Once you have some money in your bank account, then all is well. You are now able to start paying your long term bills like rent, power, telly and so forth. Most of these things can actually be paid online, and most companies would prefer that you set up an automatic payment when you start the service.


In the UK, cell phones are commonly called mobiles. If you already have a mobile, you can probably get a pay-as-you-go SIM only plan. This only requires you to swap out your old SIM card for a new one, unless your phone is locked. In that case, you need to contact your US wireless service and convince them that you are worthy of having your phone unlocked. If you are out of contract with ATT, for instance, then they will barely resist your request. If your phone is still under contract, then they may require you to pay a penalty.

Once you get that sorted out, you can go to one of the many mobile phone dealers and get yourself a plan (and a new phone if necessary). Shops like Carphone Warehouse are sprinkled up and down Princes Street (The main shopping district in downtown Edinburgh) as well as in malls throughout the city. The staff will hopefully listen to your needs and get you the best plan available.


Edinburgh and many other UK and European cities have excellent public transportation. I find that they are also very easy to get around on afoot. In Edinburgh, the bus system ( seems to be very reliable and runs all over the city. There are several rail stations where you can catch a train to another city, as well as an airport where you can fly virtually anywhere.

Unless you are currently a hard-core biker with experience in big city biking, I would not suggest leaping onto a bike right when you get here. Things are likely to be a bit disorienting, and the fact that they drive on the left is just one of many adjustments you'll need to make. Wait a bit until you're used to the traffic patterns and maybe get hooked up with other bikers before venturing onto the roads on a bicycle.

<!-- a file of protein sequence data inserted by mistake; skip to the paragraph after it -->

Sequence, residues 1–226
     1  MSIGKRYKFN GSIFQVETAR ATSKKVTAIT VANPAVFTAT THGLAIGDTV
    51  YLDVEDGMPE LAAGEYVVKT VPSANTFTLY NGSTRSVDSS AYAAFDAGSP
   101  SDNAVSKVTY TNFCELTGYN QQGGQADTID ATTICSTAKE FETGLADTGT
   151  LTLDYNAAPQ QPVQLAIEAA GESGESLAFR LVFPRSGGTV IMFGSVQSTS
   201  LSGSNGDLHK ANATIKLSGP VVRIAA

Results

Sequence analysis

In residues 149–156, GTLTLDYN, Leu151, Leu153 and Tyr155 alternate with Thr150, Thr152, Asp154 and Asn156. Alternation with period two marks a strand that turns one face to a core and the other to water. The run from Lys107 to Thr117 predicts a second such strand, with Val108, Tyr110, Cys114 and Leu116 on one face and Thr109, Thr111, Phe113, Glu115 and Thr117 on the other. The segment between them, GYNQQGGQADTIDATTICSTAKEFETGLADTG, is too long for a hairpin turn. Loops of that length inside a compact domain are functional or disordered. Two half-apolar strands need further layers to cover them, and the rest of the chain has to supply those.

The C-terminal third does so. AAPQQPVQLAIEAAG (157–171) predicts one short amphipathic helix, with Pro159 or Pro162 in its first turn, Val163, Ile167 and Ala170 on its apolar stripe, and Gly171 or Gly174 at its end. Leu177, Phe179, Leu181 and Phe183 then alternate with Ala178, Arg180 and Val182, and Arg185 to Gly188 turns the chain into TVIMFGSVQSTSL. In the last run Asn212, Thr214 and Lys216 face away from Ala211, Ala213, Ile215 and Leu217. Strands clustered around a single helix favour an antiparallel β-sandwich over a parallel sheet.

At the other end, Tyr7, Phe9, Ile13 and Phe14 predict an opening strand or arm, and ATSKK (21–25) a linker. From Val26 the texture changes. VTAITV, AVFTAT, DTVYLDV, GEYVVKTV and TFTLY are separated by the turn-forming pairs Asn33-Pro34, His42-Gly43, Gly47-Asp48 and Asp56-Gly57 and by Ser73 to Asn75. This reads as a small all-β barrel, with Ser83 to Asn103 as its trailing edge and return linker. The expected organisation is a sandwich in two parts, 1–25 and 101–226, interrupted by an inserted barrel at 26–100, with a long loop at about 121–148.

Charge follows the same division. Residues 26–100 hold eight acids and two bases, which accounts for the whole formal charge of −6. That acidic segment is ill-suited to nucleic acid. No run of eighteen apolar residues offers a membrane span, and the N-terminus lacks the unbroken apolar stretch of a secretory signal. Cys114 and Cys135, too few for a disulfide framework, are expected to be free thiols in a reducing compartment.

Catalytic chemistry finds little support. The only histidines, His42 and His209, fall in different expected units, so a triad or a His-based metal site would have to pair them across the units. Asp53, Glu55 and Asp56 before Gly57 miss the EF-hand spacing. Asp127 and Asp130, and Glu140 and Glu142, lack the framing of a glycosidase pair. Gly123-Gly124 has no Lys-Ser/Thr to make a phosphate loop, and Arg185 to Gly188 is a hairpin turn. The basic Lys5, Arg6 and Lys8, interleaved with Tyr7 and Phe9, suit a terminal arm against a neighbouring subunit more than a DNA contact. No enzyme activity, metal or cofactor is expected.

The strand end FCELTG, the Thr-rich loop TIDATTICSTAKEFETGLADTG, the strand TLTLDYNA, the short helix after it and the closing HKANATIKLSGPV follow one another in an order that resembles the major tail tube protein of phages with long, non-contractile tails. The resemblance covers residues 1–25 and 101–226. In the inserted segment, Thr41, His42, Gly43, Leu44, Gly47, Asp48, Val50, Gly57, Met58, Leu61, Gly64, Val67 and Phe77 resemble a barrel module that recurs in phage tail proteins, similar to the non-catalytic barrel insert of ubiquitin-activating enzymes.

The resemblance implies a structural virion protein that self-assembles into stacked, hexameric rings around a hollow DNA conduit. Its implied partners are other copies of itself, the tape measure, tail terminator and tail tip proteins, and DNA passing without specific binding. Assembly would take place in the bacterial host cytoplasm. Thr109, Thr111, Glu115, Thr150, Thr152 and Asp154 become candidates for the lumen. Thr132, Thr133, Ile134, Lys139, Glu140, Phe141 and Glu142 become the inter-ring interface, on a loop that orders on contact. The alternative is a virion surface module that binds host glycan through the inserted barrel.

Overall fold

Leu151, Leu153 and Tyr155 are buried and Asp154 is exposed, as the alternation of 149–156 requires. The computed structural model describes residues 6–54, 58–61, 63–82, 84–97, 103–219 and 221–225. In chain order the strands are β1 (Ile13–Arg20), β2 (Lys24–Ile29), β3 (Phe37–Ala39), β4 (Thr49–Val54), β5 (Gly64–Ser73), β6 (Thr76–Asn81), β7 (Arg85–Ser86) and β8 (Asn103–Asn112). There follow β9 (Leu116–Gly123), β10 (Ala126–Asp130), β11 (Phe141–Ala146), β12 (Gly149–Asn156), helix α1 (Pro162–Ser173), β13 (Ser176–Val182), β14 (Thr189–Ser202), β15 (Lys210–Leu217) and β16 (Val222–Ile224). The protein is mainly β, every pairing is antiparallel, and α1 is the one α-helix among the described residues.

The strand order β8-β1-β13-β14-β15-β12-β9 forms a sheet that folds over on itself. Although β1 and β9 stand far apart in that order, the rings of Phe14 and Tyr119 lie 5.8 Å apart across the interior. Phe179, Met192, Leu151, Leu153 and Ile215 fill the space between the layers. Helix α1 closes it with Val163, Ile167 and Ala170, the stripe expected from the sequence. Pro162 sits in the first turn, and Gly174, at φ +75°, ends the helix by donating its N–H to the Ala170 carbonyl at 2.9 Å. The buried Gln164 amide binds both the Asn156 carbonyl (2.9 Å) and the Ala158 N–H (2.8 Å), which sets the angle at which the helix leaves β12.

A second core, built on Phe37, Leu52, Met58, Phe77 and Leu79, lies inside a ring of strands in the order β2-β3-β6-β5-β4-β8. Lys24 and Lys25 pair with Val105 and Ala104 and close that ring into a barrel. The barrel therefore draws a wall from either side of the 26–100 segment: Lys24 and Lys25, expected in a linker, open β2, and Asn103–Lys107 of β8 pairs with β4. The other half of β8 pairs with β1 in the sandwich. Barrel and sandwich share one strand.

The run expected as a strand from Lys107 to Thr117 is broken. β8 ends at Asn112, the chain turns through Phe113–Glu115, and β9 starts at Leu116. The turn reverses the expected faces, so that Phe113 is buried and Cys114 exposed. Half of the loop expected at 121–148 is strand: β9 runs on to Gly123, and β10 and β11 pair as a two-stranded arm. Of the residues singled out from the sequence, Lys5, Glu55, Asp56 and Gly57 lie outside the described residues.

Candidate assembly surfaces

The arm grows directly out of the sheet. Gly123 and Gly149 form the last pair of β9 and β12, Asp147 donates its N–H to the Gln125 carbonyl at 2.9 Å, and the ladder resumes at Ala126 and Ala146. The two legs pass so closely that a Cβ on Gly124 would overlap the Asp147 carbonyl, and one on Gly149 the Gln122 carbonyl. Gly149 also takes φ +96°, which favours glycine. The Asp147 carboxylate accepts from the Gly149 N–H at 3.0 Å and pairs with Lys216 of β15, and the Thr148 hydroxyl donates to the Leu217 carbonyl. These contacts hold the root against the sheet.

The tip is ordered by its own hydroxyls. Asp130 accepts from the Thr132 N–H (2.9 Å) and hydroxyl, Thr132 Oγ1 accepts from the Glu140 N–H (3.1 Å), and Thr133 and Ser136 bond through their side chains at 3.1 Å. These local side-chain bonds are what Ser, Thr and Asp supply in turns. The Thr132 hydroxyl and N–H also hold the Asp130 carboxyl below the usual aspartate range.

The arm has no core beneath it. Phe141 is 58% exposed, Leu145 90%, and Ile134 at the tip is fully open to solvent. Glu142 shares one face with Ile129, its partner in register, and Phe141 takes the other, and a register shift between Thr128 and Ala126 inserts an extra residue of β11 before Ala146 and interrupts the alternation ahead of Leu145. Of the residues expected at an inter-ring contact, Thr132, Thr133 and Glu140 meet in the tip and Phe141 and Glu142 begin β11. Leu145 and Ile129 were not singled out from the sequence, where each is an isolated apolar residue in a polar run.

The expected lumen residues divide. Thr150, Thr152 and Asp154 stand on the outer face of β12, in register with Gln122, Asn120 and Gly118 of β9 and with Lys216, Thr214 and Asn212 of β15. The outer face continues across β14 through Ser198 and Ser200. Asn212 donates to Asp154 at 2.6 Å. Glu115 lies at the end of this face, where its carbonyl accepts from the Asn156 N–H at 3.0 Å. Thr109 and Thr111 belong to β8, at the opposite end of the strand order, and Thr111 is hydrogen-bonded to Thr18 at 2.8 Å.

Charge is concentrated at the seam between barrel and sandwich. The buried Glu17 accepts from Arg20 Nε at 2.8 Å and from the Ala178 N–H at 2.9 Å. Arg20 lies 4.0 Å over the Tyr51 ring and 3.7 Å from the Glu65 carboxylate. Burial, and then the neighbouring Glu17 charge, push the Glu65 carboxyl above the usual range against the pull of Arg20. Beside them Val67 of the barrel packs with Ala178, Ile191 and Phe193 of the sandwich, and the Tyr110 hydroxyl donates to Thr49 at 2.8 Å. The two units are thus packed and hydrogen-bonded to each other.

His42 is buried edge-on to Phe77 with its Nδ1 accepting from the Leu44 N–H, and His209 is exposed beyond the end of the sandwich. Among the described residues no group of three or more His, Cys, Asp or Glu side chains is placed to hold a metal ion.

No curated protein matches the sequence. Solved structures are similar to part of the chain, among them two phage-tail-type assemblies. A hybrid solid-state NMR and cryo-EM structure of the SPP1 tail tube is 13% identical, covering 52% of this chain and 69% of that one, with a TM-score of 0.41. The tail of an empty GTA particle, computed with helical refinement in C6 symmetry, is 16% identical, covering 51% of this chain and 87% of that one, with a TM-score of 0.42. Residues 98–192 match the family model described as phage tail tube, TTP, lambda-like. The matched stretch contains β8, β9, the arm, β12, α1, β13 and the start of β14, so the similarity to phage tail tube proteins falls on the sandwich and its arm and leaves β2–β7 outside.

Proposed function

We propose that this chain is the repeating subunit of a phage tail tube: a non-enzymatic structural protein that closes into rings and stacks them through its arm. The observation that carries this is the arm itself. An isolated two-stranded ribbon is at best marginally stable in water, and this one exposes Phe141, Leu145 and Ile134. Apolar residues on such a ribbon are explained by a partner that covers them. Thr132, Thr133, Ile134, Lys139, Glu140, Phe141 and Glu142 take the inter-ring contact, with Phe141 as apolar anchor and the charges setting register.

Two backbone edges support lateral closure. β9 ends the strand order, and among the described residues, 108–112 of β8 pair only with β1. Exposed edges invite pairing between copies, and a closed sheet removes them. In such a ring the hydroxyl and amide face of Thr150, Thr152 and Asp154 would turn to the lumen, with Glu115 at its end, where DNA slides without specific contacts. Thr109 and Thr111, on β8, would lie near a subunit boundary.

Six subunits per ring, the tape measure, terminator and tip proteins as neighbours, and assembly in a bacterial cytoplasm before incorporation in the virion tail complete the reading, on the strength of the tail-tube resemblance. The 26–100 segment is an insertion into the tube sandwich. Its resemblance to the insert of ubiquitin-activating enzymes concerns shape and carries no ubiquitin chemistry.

Buses currently cost £1.40 for a one-way adult single or £3.50 for am adult day-ticket. You need the exact amount when you get on, since the driver cannot make change. Just drop your coins into the fare box, tell the driver what kind of ticket you want (i.e. Adult Single), and he will generate your fare. A paper ticket will then pop out of a printer near the driver (either next to the fare box or behind him in the corridor). Take your ticket and find a seat.

Seating on the bus is variable depending on the time of day, but here's what I've observed is most common:
Front of the bus: Reserved for the elderly, infirm or handicapped. Often taken by tourists who don't read the "Priority Seating' signs, and by people who just don't care.
Middle of the bus: Here you will find the people who are on the bus simply for transportation, going to/from work, uni, shopping, etc.
Rear of the bus: This is where the dodgy people sit. Schoolchildren and teenagers mostly, who seem to think that they are on the party bus and by sitting in the back, the driver won't stop them from being rowdy. Which is true. They usually come aboard and disembark in packs. 
The upper floor of the bus on the double-deckers is often divided similarly, save that the front is full of tourists, usually with cameras.

Walking is another great way to get around Edinburgh, especially after you have a phone with a mapping program on it. You can easily walk from the City Centre to the Ocean Terminal in Leith if you are reasonably fit and have the time. It's about a three mile journey, and you pass some wonderful shops and buildings along the way. If you're planning on simply hanging around the City Centre where Edinburgh University, the castle, the museums and the main shopping district is, then plan on walking. Everything is within walking distance, usually just a matter of a few blocks.

I think I've gotten this blog up to date on the how-to aspect of getting to Edinburgh. With luck, my next entries will deal more with the city itself and my own experiences.

Monday, September 24, 2012

Arriving in the UK

This blog is intended to be a journal of my stay in Edinburgh. I am here specifically to get my postgraduate degree, a Masters of Fine Arts in Contemporary Sculpture from the Edinburgh College of Art, part of Edinburgh University. Originally I am from the US, and I have lived up and down the west coast all my life, most recently in Anchorage, Alaska.

I've been living here now for a month, and will use this first few entries to try to bring you up to date. One of my goals is to help future expats understand what they're getting into when they come to Edinburgh (and by extension the UK) and hopefully make the transition easier for them.